Friday, December 25, 2009

A Guard Hellhound a la Dave Taylor, Part 4: it's done and I am happy


The Hellhound Truck is done! Just in time, right before my usual collapse of focus and interest, I might say. This thing came out OK and anyone wanting something fun to do, check out Dave Taylor's truck and this one, steal the plans and have at it. It's satisfying to say the least. Before showing you the last rundown of this truck, here is what I started with:
Here it is finished:
This is by no means a masterpiece of building and painting and nothing makes that more obvious then the following close up pictures. Sometimes I am shocked to see how bad a paintjob really is when I see a close up photo enlarged on the screen. Anyhow, here's a sideshot
I added a camo net on this side that the troopers can pull over the tank quickly when they spot enemy planes. I was first going to paint the prometheum tank orange, but in the end I kept it in the same paint scheme, less flashy but more likely.
I don't really use decals but for this one I used a few
The back truck bed has some gerry cans stowed away. Those little details give me great pleasure to make.

and as you can see, the prometheum spills all over the place
I did tint the glass of the protective shield with green wash from Johns new washes. I think it worked out well and gives some color up top as well. The trooper's head is another resin cast that John did for me.
On this side you can see I posed the trooper in a non active position, holding himself steady with his left hand while greeting someone.
Ok, so that's that for the Hellhound Truck!
Some readers have asked to see the whole Bishkek family together in one picture so I obliged: here is the Bishkek 2nd as far as I have built it.
here are the heavies: two Hellhounds and a Manticore. I am redoing the rockets right now so they were not ready for pictures.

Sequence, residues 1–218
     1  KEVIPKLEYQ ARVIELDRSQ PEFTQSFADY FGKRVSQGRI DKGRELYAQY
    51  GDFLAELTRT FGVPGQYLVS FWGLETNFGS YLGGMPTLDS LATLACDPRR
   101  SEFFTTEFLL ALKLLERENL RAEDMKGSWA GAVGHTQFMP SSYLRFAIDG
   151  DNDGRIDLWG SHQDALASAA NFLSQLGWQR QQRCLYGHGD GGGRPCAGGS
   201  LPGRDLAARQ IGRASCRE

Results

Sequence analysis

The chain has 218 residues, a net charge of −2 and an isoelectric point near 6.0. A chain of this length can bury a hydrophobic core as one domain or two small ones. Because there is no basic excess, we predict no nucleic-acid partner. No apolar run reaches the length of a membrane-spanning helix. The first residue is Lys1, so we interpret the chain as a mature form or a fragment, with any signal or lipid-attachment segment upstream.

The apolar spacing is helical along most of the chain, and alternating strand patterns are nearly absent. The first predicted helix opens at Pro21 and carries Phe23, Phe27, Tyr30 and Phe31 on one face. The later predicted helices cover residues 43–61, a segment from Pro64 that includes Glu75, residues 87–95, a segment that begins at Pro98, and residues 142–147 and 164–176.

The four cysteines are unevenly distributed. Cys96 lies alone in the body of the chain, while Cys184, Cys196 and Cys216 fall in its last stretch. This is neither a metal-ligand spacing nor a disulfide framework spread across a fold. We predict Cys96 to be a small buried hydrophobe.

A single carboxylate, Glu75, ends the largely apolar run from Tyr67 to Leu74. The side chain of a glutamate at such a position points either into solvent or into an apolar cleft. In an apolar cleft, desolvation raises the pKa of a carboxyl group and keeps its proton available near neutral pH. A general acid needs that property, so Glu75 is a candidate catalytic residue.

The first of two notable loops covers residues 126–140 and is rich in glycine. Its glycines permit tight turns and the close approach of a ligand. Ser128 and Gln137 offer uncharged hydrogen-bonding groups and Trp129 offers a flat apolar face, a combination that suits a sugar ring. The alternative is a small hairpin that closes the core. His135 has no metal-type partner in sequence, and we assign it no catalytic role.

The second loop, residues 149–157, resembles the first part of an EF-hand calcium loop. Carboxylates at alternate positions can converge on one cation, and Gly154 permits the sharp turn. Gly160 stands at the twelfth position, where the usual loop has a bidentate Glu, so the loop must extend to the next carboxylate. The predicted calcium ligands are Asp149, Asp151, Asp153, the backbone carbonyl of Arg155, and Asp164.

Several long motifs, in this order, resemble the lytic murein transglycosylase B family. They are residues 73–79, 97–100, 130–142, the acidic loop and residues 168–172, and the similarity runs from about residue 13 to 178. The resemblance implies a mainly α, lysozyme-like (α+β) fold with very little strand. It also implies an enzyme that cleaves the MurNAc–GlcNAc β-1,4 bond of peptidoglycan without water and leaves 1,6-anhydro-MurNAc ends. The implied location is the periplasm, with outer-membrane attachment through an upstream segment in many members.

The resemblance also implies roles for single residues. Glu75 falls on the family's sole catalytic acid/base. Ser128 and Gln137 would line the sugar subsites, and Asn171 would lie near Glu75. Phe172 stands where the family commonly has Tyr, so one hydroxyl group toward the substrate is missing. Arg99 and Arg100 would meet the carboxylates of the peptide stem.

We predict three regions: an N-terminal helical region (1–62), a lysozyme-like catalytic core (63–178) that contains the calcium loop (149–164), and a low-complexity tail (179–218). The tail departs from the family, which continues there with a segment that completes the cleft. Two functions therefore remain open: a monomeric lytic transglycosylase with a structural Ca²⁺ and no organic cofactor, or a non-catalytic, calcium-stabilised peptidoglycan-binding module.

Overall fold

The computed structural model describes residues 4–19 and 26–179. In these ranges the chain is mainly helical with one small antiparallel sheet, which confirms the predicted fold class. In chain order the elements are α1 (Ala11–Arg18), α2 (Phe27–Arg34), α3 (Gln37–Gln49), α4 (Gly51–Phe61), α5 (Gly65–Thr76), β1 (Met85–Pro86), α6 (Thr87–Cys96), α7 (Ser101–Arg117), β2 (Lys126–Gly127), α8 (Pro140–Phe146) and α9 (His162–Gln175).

The mech Rough Riders
I am building the last one as we speak and it will be my next post, but you will be surprised, mech but no mech!
Here are the snipers and a Priest:
3 flamers:
...and my unfinished Penal Legion. You can also spot the one normal guardsman in there that John painted for me.
And that's that! Hope you enjoyed this ride! As a recap, here is

Mike

Thursday, December 24, 2009

Happy Holidays!


From us at Santa Cruz Warhammer, to all of you and your families;

Happy Holidays and we hope you get some good hobby related gifts and enjoy time off with your friends and family.

John & Mike


Wednesday, December 23, 2009

The Santa Cruz Warhammer Give Away: and the winner is......


We drew the winner of the wonderul set of Dragon Forge bases. Using random.org, we came up with:

Wildeyedyester

Please let us know your address here: mike.tess@charter.net, so we can ship you your prize. For all others, please check out dragonforge and support the independent and creative little companies that make our favorite game extra fun. They need your help!

Mike

Sunday, December 20, 2009

Another Santa Cruz Warhammer Give Away: Dragon Forge

Jeff from Dragon Forge sent us some more goodies to Give Away for FREE to one of you faithful readers. This time we received a set of beautiful resin cast Ancient Ruins bases. This is the loot:

10 25 mm bases
1 40mm heroic base
1 60 mm base
To enter:
1. become a follower so we make sure you know when our next Give Away is (will be a Dwarf Bear Rider)
2. leave a comment that Jeff from Dragonforge has any use for. Constructive comments are greatly appreciated but keep it nice.